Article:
Fort Payne Superintendent Jim Cunningham used the portion of the school board meeting reserved for his comments to recognize several facets of the city school system that are making an impact statewide.
Educators today are forced to face a lot of mental health issues that go beyond the school violence in the headlines. Student anxiety, depression, bipolar disorder, anorexia, bulimia, substance abuse or addiction, ADHD, and family troubles fill out the list of impediments to learning. Then there are financial difficulties, medical concerns, behavioral problems, parent-child conflict, family crisis, suspected child abuse or neglect, poor academic performance, and truancy or chronic absenteeism.
Cunningham said Fort Payne is unique in providing for a system-wide social worker, Kayla Magbie, who started in that position in October 2018. She works with students, parents, teachers and administrators to identify and address mental, social, and concrete needs to overcome the barriers that interfere with the student’s ability to achieve academic success.
“The last couple of years, I was requested to come to Montgomery to meet with the Mental Health Task Force that Representative [Nathaniel] Ledbetter [R-Rainsville] has organized,” Cunningham said. “The first time I asked, ‘Can I bring our social worker, Kayla Magbie?’ and he said, ‘[We’d] love to have her.’ She spoke and did a great job. The next time we were asked to come, this had grown. It was a much bigger thing, and Kayla was asked to speak. You [school board members] would be very proud of her. She does a great job for our school system, but she’s also helping our government leaders to understand the need for mental health specialists in school. I wanted to brag on her while I had the chance. She does an outstanding job, and we take pride in her speaking there because she’s we take pride in her speaking there because she’s one of ours.”
Cunningham said it’s not common to see mental health specialists like her as a social worker in a school system being funded locally, but in doing so, Fort Payne has served as a role model for the rest of the state in addressing student health issues.
“I appreciate [the school board] for allowing that to happen. We’ll never know what a total difference it has made, but it’s good we don’t know because if we knew what she’s stopping from happening -- it’s bad things. She does a great job, not only with her daily job but also working with CED Mental Health and the [DeKalb County Children’s Advocacy Center] to coordinate that whole effort. They are very responsible in their jobs. They sit down once a month with me and go over every child and every situation they see. I can’t tell you that we can help in every situation to stop things that might happen, [but] we try to help every child that needs help.”
Cunningham said there’s momentum among state leaders “to see a Kayla Magbie in every school system in the state of Alabama. That would be a big plus for the state if that were to happen.”
Magbie is a Fort Payne High School 2006 graduate and obtained her master’s in social work from the University of Alabama in 2013.
Cunningham said city educators also received praise in a letter from Judy Warmoth of the Alabama Reading Initiative, a statewide K-12 initiative managed by the Department of Education. She was part of a group of principals and reading specialists from DeKalb and Jackson counties, as well as Madison City, who visited Wills Valley Elementary to see Fort Payne’s kindergarten reading program. She thanked Principal Sally Wheat and others for the presentation.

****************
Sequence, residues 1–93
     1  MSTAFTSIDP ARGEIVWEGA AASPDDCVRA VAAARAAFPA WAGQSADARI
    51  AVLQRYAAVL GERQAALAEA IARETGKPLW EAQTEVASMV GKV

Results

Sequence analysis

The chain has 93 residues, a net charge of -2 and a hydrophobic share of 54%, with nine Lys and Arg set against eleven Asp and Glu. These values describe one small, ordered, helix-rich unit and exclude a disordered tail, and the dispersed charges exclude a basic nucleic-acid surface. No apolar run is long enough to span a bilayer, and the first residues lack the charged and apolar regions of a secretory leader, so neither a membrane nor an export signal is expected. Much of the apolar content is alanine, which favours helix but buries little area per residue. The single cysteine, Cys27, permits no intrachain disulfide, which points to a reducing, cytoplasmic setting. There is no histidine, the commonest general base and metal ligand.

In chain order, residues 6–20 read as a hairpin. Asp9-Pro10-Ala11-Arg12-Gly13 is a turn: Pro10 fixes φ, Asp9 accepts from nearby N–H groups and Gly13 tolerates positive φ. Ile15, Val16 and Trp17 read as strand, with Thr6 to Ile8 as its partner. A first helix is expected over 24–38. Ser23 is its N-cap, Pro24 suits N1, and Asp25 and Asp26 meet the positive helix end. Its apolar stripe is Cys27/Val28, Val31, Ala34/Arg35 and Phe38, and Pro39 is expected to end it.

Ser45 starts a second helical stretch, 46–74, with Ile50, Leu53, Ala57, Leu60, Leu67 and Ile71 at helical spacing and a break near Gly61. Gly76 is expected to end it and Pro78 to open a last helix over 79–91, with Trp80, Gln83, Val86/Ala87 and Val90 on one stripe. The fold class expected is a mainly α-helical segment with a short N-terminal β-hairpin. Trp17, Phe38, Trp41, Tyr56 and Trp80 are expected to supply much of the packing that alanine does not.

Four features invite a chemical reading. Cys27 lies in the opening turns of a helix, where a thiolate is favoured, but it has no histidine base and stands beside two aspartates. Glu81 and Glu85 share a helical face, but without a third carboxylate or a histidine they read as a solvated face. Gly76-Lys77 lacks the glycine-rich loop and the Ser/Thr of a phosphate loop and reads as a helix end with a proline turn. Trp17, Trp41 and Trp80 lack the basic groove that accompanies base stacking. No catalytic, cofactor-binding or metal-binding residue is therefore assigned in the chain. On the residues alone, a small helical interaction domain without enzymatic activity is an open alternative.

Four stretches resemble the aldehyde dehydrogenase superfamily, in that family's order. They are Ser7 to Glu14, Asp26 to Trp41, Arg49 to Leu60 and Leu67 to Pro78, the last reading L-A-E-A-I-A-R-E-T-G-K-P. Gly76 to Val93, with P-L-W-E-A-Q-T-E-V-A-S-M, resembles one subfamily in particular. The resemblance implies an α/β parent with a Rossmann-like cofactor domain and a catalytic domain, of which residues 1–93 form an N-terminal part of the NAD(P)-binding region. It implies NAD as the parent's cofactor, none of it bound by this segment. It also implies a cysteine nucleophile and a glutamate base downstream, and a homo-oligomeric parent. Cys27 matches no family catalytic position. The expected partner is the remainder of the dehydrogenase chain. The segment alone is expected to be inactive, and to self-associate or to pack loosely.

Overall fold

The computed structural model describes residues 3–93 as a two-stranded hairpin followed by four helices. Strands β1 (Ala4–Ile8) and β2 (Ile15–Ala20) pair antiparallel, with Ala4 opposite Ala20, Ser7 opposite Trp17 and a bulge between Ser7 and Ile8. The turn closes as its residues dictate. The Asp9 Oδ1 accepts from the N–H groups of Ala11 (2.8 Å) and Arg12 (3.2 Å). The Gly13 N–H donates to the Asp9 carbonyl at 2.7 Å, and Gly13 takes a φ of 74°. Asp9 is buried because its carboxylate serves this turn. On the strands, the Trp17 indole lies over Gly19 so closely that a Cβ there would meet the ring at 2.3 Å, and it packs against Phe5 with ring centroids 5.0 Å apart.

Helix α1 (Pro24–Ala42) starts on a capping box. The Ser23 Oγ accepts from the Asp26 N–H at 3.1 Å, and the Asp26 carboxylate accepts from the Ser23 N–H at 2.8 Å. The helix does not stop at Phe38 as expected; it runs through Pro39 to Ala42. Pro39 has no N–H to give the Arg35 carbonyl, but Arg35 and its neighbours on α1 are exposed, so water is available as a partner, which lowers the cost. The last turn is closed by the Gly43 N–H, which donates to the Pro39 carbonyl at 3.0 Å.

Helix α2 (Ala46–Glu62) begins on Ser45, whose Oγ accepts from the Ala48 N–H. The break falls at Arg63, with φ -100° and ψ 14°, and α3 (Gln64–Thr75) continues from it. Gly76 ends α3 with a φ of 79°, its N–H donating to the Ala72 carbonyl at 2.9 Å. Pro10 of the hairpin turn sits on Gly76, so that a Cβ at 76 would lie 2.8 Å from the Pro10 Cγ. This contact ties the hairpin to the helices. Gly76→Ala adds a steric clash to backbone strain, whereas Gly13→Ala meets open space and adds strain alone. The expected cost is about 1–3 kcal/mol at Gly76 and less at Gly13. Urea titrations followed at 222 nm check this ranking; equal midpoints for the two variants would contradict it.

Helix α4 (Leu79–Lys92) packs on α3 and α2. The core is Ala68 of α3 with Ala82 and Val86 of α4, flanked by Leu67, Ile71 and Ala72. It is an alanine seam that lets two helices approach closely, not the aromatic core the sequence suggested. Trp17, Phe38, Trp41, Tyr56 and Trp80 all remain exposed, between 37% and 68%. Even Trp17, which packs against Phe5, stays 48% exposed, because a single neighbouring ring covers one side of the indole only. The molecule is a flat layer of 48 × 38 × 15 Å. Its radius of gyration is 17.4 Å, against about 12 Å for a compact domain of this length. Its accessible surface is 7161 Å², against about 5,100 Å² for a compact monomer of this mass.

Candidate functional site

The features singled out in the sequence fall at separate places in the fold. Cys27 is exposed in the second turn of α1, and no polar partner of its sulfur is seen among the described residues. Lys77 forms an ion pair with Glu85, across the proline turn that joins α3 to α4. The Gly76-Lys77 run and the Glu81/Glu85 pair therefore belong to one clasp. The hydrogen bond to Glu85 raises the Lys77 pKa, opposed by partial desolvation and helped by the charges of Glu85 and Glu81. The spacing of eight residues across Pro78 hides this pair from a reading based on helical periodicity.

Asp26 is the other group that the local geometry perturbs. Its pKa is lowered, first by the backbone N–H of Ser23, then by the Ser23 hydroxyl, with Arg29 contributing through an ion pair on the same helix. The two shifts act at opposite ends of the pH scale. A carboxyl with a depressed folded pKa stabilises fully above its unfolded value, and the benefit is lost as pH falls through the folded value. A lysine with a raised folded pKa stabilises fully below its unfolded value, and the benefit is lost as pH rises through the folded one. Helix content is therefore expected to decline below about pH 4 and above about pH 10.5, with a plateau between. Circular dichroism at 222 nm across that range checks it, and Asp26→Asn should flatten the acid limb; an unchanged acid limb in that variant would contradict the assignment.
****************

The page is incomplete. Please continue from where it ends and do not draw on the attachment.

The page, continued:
“I do not have adequate words to describe the wonderful experience,” Cunningham said, reading the letter aloud. “The ARI session was on student-centered coaching, and what we observed at Wills Valley School was truly student-centered. Every conversation and every classroom visit was clearly evidence of the staff’s commitment to quality instruction to every child every day. Sally Wheat and her staff are truly amazing. I just wanted you to know what a valuable experience it was to everyone in attendance. Such a joy spending my day learning from Fort Payne teachers.”
In other business, Cunningham also commented on the school board’s participation in state-required training.
“I think we heard some really good information on cybersecurity, which is a real concern,” Cunningham said.
“[System Technology Coordinator Greg Titshaw] sends out phishing emails to test whether we are vulnerable and making mistakes. He’s always watching, and I appreciate his efforts. With your permission, I’ll probably continue looking into tightening it up even more. We might get an audience with the right people to do this statewide. It’s a scary thing, but it’s real and we’ve got to do everything [we can]. [The training session speaker] had a message we all needed to hear.”
Cunningham said the two-hour program is just one of the many things school board members do for the community and thanked them because January is School Board Appreciation Month.
“On behalf of everybody in the city school system and this community, I want to thank you for the great job that you do as school board members for Fort Payne,” he said. “Thanks for wanting to do it. Thanks for the desire to do it. Your work makes a difference, and we all appreciate you. We appreciate the opportunity, the leadership and the support you give us. I see school systems that do not have that type of commitment and you can tell it. We are proud to have it. Thank you for being great school board members and community leaders for Fort Payne.”